The Scripture which they urge is this, you talke of the Body being raised by Christ, how can this bee when the Apostle saith expresly, the Body is made of flesh and blood, 1 Cor. 15. 50. Now this I say Brethren, that flesh and blood cannot inherit the Kingdome of God, neither doth corruption inherit incorruption. Therefore if flesh and blood cannot come to Gods Kingdom, how then can the Body come there.
[ 1] First, I answer, it cannot bee the Apostles intent to impugne the bodies rising, for the drift of the whole Chapter is to prove that the Body shall be raised; therefore it is not imaginable that in one breath the Apostle should deny, and affirme the same thing.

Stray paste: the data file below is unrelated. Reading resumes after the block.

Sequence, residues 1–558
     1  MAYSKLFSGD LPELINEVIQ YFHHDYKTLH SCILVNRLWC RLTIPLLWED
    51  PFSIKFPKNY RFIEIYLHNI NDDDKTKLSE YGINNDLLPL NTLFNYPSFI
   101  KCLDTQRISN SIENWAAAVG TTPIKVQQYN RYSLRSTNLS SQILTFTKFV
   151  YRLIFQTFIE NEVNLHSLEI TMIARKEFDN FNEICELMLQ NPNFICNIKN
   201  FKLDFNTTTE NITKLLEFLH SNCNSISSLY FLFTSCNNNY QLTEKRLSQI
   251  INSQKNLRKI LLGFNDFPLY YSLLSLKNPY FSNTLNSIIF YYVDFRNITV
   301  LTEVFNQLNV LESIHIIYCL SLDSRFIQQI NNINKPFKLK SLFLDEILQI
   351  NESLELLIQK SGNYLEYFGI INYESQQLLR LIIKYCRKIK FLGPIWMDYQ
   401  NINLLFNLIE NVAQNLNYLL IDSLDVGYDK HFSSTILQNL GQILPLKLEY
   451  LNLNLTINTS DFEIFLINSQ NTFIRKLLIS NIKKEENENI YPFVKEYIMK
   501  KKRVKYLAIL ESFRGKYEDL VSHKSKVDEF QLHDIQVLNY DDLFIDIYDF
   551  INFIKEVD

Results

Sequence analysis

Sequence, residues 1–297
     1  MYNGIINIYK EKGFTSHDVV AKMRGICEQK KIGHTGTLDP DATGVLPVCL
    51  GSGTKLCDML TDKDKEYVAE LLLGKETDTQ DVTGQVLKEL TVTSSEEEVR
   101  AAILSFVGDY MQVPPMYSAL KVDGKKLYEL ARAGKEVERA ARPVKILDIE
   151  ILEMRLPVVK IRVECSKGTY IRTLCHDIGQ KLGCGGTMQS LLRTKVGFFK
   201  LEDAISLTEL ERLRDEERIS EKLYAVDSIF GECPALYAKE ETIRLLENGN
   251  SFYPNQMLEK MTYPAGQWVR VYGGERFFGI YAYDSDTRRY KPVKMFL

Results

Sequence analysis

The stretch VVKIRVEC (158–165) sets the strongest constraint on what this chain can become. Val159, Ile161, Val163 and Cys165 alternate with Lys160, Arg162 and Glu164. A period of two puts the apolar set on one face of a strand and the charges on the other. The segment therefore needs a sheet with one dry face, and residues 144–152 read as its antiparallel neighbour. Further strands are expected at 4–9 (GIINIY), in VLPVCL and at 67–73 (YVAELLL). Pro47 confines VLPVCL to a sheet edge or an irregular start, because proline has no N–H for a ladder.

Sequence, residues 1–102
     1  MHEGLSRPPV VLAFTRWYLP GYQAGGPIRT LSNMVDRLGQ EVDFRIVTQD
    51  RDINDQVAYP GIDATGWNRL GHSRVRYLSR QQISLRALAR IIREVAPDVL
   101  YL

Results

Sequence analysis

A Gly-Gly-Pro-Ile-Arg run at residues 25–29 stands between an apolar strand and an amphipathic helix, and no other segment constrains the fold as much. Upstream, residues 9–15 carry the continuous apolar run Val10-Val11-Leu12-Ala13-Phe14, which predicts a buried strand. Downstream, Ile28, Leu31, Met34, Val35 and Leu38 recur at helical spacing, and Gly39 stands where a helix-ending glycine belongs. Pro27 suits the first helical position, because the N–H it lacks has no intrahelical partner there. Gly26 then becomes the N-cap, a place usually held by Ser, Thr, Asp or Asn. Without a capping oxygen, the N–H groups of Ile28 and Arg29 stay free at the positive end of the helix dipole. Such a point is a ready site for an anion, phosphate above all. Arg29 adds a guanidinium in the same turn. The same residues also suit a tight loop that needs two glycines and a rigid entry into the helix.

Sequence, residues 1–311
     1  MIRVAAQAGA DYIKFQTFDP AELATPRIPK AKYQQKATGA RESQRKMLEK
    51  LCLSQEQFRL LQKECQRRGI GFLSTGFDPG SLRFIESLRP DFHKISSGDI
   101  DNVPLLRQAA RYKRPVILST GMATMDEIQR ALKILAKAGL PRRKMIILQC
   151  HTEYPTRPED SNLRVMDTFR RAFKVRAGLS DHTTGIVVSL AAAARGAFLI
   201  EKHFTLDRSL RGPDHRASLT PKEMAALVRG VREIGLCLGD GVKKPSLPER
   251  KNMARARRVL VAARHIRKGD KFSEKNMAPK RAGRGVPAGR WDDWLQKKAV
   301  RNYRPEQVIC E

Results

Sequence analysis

[ 2] Secondly, the Apostle doth understand by flesh and blood, the bodies of men as they have sinfull infirmities, cleaving to them in this world, the body as it is now a sinfull body, an infirme body, a weak mortall body as it is now shal never come to Heaven; the generality of Interpreters run this way, by flesh and blood is understood the bodies of men as lyable to sinne, as in this world they shall not be raised up they shall not come to Heaven but we shall bee changed, we shall not all sleep but bee changed, the Apostle proves this, 1 Cor. 15. 50, 51. Now this I say Brethren, that flesh and blood cannot inherit the Kingdome of God, neither doth corruption inherit incorruption, Behold, I shew you a mystery, wee shall not all sleep, but wee shall all bee changed. Our corruptible Bodies shall not come to Heaven as they are corruptible, but come to Heaven by being incorruptible, but we shall all be changed, that is, our Bodies shall be changed from being mortall, corruptible, and being weake and sinfull, to bee holy and Immortall, so that flesh and blood as now it is sinfull, corruptible, till changed and made glorious and pure, shall not come to Heaven.